May 16, 1940 — August 6, 1999
The Chinese written character for "eternity" contains within it the one for "water," intrinsically linking up the ideas of "flowing" and "forever." One of Detroit’s truly poetic artists, Ann Mikolowski – among her many original projects – painted waterscapes that glow with a sense of endlessness and quiet enlightenment. She made pen-and-ink drawings out of thousands of tiny dots that gave her subjects – country roads at sundown, forest vegetation in early morning light, a row of empty wooden lawn chairs overlooking a stretch of hedges, waves and sky in Nova Scotia – a kind of hushed, timeless presence.
In contrast, Ann’s renowned miniportraits were inspired by her own Polaroid snapshots of artists, musicians and poets, her colleagues in the international struggle for beauty and compassion. Thus, they’re a kind of instant record of scenes of creativity that once thrived, and still do, in Detroit, Grindstone City, Ann Arbor, New York, wherever her travels and imagination took her.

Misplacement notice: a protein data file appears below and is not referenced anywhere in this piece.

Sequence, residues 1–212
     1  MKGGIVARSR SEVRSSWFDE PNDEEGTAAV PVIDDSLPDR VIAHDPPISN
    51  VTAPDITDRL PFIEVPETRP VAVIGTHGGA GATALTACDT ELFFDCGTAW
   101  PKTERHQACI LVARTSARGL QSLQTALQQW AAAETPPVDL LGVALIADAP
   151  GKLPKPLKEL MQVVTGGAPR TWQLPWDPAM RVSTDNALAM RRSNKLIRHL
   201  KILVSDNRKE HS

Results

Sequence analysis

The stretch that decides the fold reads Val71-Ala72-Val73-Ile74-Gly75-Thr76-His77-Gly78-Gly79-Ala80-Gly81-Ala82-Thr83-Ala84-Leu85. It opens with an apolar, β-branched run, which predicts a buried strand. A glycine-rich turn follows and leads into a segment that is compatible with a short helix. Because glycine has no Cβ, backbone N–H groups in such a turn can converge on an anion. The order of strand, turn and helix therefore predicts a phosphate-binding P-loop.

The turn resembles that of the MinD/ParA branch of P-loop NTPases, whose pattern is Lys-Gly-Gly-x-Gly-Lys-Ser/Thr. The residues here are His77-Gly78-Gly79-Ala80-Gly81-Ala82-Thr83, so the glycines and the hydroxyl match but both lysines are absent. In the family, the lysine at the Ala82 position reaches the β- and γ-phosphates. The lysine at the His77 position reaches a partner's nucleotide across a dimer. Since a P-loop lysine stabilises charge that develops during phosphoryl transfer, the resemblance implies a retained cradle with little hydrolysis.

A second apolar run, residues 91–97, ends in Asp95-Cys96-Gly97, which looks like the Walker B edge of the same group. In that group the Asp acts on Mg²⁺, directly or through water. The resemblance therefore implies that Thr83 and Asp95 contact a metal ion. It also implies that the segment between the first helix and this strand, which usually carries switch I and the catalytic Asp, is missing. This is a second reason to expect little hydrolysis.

For the past three decades, Ann also collaborated with her husband, poet Ken Mikolowski, on the Alternative Press, devoting their energies to the publication of work by adventurous visual artists and writers in the form of broadsides, postcards, bumper stickers, bookmarks and chapbooks. It was a project that connected them with some of North America’s most creative minds, and gained them the respect of critics, collectors and curators both here and abroad.
The Oct. 7, 1998, Metro Times cover story featured Ann’s paintings as well as her courageous discussion of her ongoing struggle with cancer. For more than a decade after the initial diagnosis, she continued to produce images that combine wonder and an understanding of the world that resounds like a bell.
On Monday, Aug. 2, Ann’s fervent wish was realized when her son, Michael, and his wife, Laura, gave birth to a son, Anton, and she was able to see him. Then, on the morning of Aug. 6, Ann passed away in her own home, serene as the horizon in one of her own waterscapes. She is survived by her husband, Ken, her son, Michael, and her daughter, Molly.George Tysh is Metro Times' arts editor. E-mail him at firstname.lastname@example.org